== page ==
The British Geological Survey (BGS – http://www.earthquakes.bgs.ac.uk/) recorded an earthquake with a magnitude of 5.2 (ML) on the Richter scale near Market Rasen, Lincolnshire at 00:56 GMT, yesterday, Feb. 27.
While mild by global standards, earthquakes are relatively rare in the British Isles. This was the strongest recorded in 25 years, and triggered a wave of phone calls from panicked residents to the BGS and local emergency services.
The BGS said the “epicenter is approximately 4 km north of Market Rasen and reports suggest that the earthquake has been felt widely across England, with reports of damage to chimneys in the epicentral area. Earthquakes of this size occur in the mainland UK roughly every 30 years, although are more common in offshore areas. This is the largest earthquake in the UK since the magnitude 5.4 ML Lleyn Peninsula earthquake in 1984, which was widely felt across England and Wales.”
The BGS warned the public to be prepared for aftershocks, but indicated they would in all likelihood cause little further damage. The BGS said it “records approximately 200 earthquakes in the UK each year on its monitoring stations. Approximately 25 earthquakes in the UK are felt by people each year.”
The Association of British Insurers (ABI) issued a statement reassuring the public that “damage to homes or businesses from earthquake will normally be covered by insurance. If property is unsafe or cannot be occupied the costs of making it safe or of alternative accommodation will also be included. Claims should be notified as soon as possible and arrangements will be made for a loss adjuster to visit as soon as possible.” A preliminary loss estimate puts damages at around £10 million ($20 million).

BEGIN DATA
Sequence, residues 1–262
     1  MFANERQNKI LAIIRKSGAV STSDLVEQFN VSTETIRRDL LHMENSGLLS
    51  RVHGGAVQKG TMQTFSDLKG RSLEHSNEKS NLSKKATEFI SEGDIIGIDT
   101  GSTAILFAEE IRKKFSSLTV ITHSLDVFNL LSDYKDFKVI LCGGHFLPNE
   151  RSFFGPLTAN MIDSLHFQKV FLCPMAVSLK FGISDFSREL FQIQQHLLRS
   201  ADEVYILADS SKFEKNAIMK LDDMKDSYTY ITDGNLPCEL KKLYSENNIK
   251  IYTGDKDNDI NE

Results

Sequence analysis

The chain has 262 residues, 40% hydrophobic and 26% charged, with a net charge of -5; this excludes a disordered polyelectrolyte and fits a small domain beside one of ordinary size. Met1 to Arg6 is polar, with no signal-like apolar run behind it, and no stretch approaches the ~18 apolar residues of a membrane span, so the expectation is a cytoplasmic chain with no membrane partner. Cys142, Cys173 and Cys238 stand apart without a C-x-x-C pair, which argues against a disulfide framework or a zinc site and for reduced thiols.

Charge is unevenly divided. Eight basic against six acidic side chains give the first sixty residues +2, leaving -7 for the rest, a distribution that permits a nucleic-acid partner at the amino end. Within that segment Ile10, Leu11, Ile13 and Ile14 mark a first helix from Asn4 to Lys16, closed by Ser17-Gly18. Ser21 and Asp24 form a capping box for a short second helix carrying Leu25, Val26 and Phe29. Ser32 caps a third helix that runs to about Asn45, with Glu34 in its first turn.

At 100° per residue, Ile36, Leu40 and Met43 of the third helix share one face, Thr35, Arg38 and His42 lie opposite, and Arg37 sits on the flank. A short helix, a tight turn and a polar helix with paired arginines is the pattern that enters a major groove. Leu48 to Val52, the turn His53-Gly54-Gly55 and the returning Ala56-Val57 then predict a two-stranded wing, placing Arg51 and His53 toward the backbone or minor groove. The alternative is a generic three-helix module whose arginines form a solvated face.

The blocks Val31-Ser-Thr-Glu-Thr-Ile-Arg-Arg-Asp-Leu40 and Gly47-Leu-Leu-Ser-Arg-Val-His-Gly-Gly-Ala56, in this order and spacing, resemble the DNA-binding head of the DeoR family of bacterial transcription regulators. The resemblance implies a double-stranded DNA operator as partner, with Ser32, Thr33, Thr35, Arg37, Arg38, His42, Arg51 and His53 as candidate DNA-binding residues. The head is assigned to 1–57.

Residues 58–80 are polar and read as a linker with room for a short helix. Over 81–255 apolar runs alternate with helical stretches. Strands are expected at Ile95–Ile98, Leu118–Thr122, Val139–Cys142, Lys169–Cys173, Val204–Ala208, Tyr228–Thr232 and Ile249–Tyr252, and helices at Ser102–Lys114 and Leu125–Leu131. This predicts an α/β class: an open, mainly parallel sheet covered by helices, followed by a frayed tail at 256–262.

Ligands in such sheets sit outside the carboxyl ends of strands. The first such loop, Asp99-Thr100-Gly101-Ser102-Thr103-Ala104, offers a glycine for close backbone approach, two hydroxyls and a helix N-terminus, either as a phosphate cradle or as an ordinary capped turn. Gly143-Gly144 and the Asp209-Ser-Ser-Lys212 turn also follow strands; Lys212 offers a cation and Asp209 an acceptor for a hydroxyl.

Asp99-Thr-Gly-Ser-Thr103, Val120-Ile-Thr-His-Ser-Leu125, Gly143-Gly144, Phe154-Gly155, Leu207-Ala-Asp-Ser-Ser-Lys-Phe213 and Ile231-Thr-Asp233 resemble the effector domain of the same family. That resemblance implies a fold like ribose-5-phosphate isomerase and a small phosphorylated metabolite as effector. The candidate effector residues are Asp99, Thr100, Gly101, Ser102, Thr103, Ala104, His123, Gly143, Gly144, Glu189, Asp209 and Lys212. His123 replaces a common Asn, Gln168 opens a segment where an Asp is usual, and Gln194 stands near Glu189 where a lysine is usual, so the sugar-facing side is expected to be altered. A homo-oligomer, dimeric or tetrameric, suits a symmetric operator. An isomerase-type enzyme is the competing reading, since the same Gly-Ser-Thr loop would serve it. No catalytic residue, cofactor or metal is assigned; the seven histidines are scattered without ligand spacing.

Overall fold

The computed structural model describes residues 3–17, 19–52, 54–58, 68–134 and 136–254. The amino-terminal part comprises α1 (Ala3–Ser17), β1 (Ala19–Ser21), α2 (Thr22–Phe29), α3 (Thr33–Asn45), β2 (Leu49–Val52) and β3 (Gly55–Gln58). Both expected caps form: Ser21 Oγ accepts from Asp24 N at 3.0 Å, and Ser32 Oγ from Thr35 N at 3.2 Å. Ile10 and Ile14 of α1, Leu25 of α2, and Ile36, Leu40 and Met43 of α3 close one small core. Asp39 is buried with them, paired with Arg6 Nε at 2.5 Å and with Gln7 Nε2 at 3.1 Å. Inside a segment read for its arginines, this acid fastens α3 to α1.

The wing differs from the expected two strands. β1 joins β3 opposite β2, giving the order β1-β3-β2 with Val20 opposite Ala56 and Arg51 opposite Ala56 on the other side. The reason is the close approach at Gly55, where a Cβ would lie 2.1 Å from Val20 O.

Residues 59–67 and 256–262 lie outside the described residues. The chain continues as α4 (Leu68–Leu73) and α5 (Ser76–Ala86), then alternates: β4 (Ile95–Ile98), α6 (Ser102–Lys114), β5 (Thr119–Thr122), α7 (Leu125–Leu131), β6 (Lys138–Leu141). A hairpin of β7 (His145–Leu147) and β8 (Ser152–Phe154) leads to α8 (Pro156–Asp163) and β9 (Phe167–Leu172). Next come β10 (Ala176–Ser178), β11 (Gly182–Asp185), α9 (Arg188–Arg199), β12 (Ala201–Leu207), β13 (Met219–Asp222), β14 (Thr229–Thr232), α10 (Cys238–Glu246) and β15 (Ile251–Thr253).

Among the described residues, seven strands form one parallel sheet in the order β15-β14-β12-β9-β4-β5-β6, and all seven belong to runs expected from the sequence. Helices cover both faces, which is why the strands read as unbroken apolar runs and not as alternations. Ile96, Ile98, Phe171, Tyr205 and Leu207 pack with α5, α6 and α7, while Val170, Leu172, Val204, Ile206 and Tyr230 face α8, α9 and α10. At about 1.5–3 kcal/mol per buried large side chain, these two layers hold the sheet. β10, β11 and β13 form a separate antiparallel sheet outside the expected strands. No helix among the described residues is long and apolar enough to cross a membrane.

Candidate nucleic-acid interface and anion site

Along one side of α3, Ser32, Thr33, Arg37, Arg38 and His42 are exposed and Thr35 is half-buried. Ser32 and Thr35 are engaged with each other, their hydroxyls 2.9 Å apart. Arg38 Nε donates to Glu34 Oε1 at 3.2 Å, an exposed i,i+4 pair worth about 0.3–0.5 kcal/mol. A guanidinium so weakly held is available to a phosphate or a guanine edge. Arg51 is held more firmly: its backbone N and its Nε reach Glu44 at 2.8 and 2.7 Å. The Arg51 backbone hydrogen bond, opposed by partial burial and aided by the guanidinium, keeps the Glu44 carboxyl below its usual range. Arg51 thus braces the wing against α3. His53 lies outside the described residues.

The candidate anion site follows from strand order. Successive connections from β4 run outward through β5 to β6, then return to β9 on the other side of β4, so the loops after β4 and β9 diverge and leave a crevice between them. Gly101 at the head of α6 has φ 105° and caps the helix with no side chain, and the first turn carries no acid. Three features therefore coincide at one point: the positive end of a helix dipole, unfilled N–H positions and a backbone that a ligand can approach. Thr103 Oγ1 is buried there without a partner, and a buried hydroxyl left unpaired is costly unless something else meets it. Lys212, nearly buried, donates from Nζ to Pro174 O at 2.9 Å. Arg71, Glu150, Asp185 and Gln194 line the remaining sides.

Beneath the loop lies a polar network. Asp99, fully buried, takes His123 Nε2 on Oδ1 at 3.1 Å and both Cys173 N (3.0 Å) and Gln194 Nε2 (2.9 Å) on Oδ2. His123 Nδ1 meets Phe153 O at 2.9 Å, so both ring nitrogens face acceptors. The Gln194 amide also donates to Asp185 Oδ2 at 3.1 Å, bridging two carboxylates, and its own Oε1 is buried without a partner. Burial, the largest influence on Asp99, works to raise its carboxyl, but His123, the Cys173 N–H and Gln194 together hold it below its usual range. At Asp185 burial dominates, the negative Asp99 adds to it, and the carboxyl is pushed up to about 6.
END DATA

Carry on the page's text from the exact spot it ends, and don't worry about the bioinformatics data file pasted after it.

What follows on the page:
Risk Management Solutions (RMS) issued a bulletin assessing the quake’s impact. “Fortunately, the earthquake’s epicenter appeared to be in a fairly rural part of Lincolnshire. Had it occurred closer to one of the nearby towns and cities where the populations are far larger, we could be looking at a very different situation in terms of the damage caused,” explained Dr. Andrew Sorby, model manager for Europe earthquake at RMS.
He also noted: “The UK is at relatively low risk of earthquakes, and only in extreme cases will buildings collapse and cause injuries and fatalities. But as residential properties are generally not designed to withstand shaking, even small earthquakes can cause damage by cracking walls and overtopping chimneys, for instance.”
A bulletin from Boston-based AIR Worldwide indicated that “US Geological Survey (USGS) has assigned a moment magnitude (Mw) of 4.7.” The estimates are, however, “preliminary and subject to revision as information from seismic networks continues to be analyzed,” said AIR.
Milan Simic, Managing Director of AIR Worldwide, explained: “The UK sits on the western edge of the Eurasian Plate. Most earthquake activity in the UK is concentrated in one of four areas: Wales, the Strait of Dover, the Pennines and Scotland. Today’s earthquake occurred in the southeastern tip of the Pennines with a preliminary European Macroseismic Scale (EMS) intensity rating of 6.”
The largest earthquake ever recorded in England in modern times was an offshore 6.1 event in 1931, 100 kms (60 miles) northeast of the current quake site.
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